Throughout its range Melanochelys trijuga is predominantly a freshwater species inhabiting ponds, streams, and rivers with clean water. However, at times it may be found on land far from water. Deraniyagala (1939) reported that M. t. parkeri spends much time ashore and even aestivates under dead vegetation in the jungle during droughts. He also reported that some M. t. thermalis individuals on Sri Lanka live in burrows and have very flattened carapaces. Annandale (1913) thought M. t. indopeninsularis visits water during hot weather, but lives habitually, without actually entering water, in damp places. Mitchell and Rhodin (1996) studied M. t. indopeninsularis in Nepal and suggested a pattern of differential habitat use for juveniles, found in hillside streambeds, and adults, preferring lentic backwaters and oxbow lakes.

Natural History
Males of Melanochelys trijuga are aggressive during courtship, pursuing and frequently biting the female, especially on the neck. Nesting apparently occurs throughout the year, at least in M. t. thermalis (Deraniyagala, 1939), and 2-6 clutches totaling 18 eggs are laid each year (Das, 1991). Forty-seven clutches laid by female M. t. thermalis at the Columbus Zoo, Ohio contained 1-6 (mean 3.02) eggs, with as many as 11-12 eggs being laid a year (Goode, 1991). Incubating eggs of Melanochelys were found twice (March, November) at Royal Chitwan National Park, Nepal by Dinerstein et al. (1987), both times buried in grassland latrines of the greater one-horned rhinoceros. The eggs were presumably those of M. trijuga, the more common Melanochelys there, rather than the more rare M. tricarinata (the clutch sizes of 3 and 6 eggs also most closely match those of M. trijuga). The first clutch contained three oblong (46.8-49.1 x 26.7-27.6 mm) hard-shelled eggs; the second clutch was of six eggs (44.6-50.7 x 26.7-28.3 mm), and was buried approximately 30 cm deep in the rhinoceros dung. Das (1991) reported the calcareous eggs are white and elongated (39.9-55 x 24-30 mm); incubation lasts about 60-65 days. Hatchlings are about 41-46 mm in carapace length and are more brightly patterned than adults.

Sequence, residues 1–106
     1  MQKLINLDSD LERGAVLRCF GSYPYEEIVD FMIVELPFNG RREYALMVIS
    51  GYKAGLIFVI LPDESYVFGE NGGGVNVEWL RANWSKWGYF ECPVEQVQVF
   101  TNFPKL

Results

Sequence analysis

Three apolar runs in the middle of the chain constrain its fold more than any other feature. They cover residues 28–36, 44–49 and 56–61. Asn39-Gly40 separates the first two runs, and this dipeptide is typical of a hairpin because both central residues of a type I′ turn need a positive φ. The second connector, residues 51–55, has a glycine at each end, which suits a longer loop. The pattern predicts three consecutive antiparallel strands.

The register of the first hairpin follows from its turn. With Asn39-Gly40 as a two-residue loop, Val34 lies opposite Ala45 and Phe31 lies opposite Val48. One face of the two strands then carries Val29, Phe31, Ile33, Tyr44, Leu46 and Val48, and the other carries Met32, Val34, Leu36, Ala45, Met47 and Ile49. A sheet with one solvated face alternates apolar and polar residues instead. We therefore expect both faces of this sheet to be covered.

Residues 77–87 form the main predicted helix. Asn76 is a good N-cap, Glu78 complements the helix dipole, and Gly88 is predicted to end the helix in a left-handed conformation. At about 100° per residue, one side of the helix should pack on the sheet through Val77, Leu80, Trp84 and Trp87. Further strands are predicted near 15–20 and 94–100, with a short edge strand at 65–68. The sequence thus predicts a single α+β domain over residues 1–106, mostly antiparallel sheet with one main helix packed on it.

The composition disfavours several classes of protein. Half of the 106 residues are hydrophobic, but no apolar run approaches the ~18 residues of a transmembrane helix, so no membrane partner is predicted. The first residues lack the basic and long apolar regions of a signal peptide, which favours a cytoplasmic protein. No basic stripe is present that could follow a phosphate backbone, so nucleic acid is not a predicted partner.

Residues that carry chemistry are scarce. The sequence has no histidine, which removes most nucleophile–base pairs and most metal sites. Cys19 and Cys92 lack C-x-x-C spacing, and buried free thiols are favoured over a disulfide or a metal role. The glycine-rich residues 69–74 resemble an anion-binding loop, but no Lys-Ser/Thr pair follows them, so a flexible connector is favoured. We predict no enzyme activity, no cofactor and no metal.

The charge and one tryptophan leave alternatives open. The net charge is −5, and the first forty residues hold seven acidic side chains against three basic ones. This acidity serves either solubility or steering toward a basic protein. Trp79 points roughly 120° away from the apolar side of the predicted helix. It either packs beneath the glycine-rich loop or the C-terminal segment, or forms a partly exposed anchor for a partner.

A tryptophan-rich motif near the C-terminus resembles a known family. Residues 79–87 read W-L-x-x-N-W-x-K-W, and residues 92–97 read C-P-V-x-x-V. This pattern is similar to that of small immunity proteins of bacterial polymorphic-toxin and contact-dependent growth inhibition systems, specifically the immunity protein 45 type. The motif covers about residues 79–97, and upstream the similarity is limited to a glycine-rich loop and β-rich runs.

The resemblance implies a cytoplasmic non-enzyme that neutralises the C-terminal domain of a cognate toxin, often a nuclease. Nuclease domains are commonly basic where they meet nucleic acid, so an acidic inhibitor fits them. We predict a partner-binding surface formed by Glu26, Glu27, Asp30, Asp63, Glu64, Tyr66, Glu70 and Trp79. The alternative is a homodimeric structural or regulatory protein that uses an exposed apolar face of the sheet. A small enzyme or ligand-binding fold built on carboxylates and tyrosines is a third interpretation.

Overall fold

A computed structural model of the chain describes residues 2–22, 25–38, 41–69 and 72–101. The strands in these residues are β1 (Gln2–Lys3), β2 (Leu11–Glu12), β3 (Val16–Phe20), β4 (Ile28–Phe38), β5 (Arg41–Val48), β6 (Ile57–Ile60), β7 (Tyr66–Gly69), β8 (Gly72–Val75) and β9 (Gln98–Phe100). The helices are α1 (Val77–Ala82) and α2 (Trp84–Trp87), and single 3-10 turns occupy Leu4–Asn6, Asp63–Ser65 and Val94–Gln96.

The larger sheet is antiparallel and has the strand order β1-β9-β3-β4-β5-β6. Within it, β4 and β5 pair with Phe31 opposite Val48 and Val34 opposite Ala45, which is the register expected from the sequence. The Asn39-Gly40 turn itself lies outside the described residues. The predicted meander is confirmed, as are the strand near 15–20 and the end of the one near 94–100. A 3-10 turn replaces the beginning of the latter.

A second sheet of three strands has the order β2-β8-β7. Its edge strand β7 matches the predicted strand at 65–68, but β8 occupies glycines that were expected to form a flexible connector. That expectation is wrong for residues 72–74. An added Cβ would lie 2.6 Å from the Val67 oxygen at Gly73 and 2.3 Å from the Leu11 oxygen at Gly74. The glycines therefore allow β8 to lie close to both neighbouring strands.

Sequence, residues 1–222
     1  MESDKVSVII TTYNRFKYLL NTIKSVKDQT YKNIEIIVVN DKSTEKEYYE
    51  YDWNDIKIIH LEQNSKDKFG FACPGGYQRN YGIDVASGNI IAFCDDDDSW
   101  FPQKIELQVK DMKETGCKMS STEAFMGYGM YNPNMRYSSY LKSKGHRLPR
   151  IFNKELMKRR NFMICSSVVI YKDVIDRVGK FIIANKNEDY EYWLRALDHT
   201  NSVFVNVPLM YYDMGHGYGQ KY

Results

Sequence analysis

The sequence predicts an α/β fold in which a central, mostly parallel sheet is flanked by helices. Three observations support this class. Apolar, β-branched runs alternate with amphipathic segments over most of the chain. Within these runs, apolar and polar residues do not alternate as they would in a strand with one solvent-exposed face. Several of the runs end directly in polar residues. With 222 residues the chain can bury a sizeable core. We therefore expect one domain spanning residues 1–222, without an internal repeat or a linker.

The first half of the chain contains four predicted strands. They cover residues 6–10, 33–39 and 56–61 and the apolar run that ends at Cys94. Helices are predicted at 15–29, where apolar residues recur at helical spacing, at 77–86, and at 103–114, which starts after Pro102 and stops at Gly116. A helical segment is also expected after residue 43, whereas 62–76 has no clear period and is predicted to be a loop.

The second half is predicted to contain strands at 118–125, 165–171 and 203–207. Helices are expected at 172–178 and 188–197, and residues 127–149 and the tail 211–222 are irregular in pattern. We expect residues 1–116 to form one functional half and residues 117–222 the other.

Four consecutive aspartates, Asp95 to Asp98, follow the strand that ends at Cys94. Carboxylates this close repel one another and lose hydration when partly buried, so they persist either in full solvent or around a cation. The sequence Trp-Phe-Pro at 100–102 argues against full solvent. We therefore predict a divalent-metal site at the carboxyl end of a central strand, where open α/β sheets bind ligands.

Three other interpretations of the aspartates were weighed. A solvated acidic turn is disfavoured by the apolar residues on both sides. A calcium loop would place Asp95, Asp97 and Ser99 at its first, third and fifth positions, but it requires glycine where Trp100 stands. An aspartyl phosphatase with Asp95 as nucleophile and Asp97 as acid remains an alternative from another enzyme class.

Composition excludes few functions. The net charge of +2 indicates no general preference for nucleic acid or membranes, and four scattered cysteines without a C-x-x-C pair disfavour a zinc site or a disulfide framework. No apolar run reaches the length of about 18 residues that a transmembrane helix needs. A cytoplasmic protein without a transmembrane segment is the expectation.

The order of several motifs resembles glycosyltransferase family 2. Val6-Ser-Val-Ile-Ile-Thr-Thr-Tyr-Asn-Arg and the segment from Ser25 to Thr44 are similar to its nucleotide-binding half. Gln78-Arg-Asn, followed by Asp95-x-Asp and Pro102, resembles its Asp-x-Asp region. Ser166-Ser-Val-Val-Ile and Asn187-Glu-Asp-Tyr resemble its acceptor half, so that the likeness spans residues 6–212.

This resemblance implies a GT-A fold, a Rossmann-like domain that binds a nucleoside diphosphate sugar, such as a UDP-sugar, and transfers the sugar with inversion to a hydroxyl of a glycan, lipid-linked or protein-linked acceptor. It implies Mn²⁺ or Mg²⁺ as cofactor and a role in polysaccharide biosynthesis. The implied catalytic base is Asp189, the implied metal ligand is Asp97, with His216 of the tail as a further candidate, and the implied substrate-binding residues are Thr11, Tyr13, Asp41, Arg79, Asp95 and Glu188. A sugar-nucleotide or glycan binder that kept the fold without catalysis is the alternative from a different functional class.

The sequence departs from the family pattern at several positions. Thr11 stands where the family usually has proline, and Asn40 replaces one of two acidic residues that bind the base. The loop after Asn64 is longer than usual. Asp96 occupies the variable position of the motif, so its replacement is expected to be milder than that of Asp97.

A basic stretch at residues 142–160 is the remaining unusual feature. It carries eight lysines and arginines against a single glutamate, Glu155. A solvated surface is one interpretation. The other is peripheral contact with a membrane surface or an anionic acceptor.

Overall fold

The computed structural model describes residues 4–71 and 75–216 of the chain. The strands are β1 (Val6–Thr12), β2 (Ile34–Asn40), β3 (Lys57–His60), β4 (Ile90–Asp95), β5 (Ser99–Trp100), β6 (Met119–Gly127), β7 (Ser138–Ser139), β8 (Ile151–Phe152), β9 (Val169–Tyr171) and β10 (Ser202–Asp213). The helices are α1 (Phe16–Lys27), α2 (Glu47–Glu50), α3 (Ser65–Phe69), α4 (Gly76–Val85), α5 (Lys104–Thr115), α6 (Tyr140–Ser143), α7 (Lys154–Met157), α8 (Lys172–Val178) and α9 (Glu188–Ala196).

M. trijuga is predominantly herbivorous, feeding on aquatic plants such as Vallisneria, but Deraniyagala (1939) reported that M. t. thermalis is omnivorous and has scavenging habits.
This species spends most of the daylight hours basking, but is also active at night, coming on shore and foraging in wet grass and ditches (Annandale, 1913). When first captured, specimens are shy and may emit a strong musky odor.

IUCN Red List Status (1996)
Data deficient.